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Constitution of Georgia and U.S Constitution

The state of Georgia’s constitution was first legislated in 1977. In 1983 the document was approved by the citizens of the state. Thus constitutional document only contains a bill of rights and consistent amendments. On the other hand, the U.S Constitution is documentation of republicanism and federalism, which dictates the separation of powers among the states. The U.S constitution is governed by sovereignty with outlined jurisdictions (Kay, 2018). Considering the two documents, there are differences and similarities between them, ranging from the citizen in involvement n the amendment to the legal process of amending the constitutions.

The two constitutions have various similarities where the two documents have a standardized bill of rights. In both documents, executive leaders have the mandate t veto potential bills and appoint different departmental officials (Hill & Hill, 2018). Both constitutions have the allowance of judicial review, where the court system has the mandate to declare given implemented acts unconstitutional. The two constitutions allow legislative branches to be bicameral and set their house chambers into senate ad representative house.

Also, the two documents have several differences ranging from the validity of the policies under each constitution to the involvement of the citizens in the amendment of the constitution. Georgia’s constitution is said to no longer hold any purposeful policies, while the U.S state is far much active and in sin length in applying the amended policies (Coleman, 2021). Georgia State involves its voters and citizens in approving the formulated amendments in the constitution. In contrast, in the U.S constitution, the voters are never assigned any role in the constitutional amendments. As stated by the Georgian state constitution, the state’s governor is mandated to cut some specified items in a bill. In contrast, in the U.S constitution, the president has no powers to perform such duties (Hill & Hill, 2018). The senators in the Georgia state constitution are slated to serve only two-year terms, while at the national level, the senator is mandated to do six years.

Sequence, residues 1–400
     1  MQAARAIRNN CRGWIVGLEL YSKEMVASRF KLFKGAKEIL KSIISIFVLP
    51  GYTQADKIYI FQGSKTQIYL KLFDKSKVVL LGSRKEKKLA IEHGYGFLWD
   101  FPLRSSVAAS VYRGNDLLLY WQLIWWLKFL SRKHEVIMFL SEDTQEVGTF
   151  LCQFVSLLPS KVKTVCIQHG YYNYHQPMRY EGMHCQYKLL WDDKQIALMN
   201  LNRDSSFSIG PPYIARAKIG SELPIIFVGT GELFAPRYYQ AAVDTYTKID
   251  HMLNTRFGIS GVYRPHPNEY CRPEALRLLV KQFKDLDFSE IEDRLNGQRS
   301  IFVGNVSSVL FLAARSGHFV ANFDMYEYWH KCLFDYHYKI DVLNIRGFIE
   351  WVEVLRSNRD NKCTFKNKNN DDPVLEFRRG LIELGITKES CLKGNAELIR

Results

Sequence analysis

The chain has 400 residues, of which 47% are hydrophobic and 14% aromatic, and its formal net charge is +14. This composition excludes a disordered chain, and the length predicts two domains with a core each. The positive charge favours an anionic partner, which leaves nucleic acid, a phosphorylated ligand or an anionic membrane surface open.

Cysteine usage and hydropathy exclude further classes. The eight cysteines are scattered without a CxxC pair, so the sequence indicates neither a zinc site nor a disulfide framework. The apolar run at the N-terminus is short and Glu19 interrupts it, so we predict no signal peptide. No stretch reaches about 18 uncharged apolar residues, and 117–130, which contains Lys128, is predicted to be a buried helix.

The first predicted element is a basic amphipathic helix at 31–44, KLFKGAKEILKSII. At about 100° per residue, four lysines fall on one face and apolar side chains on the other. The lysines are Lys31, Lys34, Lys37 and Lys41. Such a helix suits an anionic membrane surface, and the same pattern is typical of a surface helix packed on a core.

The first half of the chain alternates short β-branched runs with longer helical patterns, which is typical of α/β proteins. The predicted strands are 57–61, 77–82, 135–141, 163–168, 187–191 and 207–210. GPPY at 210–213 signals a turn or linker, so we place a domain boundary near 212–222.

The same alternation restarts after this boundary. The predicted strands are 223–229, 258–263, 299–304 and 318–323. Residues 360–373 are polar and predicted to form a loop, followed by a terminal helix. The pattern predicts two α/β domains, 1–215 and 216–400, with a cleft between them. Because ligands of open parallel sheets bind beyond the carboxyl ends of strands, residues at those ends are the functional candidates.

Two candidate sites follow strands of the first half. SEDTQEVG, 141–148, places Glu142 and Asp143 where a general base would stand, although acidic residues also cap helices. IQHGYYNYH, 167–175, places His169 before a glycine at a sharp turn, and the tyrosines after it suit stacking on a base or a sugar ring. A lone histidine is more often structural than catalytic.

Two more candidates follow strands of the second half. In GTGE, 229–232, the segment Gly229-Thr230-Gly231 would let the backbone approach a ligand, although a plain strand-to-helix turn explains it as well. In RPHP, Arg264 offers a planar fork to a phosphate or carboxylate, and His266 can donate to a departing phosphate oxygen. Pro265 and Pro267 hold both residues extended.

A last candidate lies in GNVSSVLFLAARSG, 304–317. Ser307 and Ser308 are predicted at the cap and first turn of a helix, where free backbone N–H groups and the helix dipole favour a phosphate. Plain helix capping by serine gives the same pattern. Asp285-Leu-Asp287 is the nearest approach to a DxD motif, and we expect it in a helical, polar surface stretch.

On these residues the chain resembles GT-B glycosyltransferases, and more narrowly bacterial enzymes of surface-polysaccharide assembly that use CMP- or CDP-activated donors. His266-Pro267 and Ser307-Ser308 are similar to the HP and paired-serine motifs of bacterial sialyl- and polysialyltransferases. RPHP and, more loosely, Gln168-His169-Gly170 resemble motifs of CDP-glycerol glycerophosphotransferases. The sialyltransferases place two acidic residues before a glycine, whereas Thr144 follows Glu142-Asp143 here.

The two documents seem so different due to various speculation regarding law formulations and power analysis. Considering that Georgia is a state and U.S is a country, multiple concerns have to be implemented separated, posing differences in the two documents. The U.S has to consider every state’s view before amending its constitution, whereas Georgia being a single state, does not have such considerations in its constitution amendments.

There are differences in the amendments of the Georgia constitution and the U.S constitution. For instance, the Georgia constitution allows amendments to be conducted at least once every five years, while in the U.S constitution, there are no periodic amendments requirements (Kay, 2018). The process of amending the constitution in Georgia is conducted through a legal process under the approval of the general assembly. In contrast, in the U.S constitution, the approval process of the amended constitution is done by Congress.

The Georgia constitution amendment process is more manageable in terms of successful passage ratification than the U.S constitution amendment because only two-thirds do the approvals, and the majority votes from both the Senate and the General Assembly (Coleman, 2021). The quailed voters approved the ratification of the amendments. In the U.S constitution, these aspects are complex, with a long process of approving any proposed amendment (Hill & Hill, 2018). The Georgia constitution allows more citizens’ involvement in most of its amendments than the U.S constitution. The U.S constitution does not involve citizens in its amendment and approvals. Congress is entitled to these roles on behalf of the public.

However, there are some benefits and drawbacks of engaging more citizens in the amendment process. Involving citizens enhances comprehensive consultation of the public view towards the proposed bill, giving suitable amendments. On the other hand, applying citizens may result in spending more time and may be more expensive.


Coleman, K. (2021). The American Revolution in Georgia, 1763–1789. University of Georgia Press.

Hill, M. B., & Hill, G. L. W. (2018). The Georgia State Constitution. Oxford University Press.

Kay, R. S. (2018). Formal and informal amendment of the United States constitution. The American Journal of Comparative Law66(suppl_1), 243-268.


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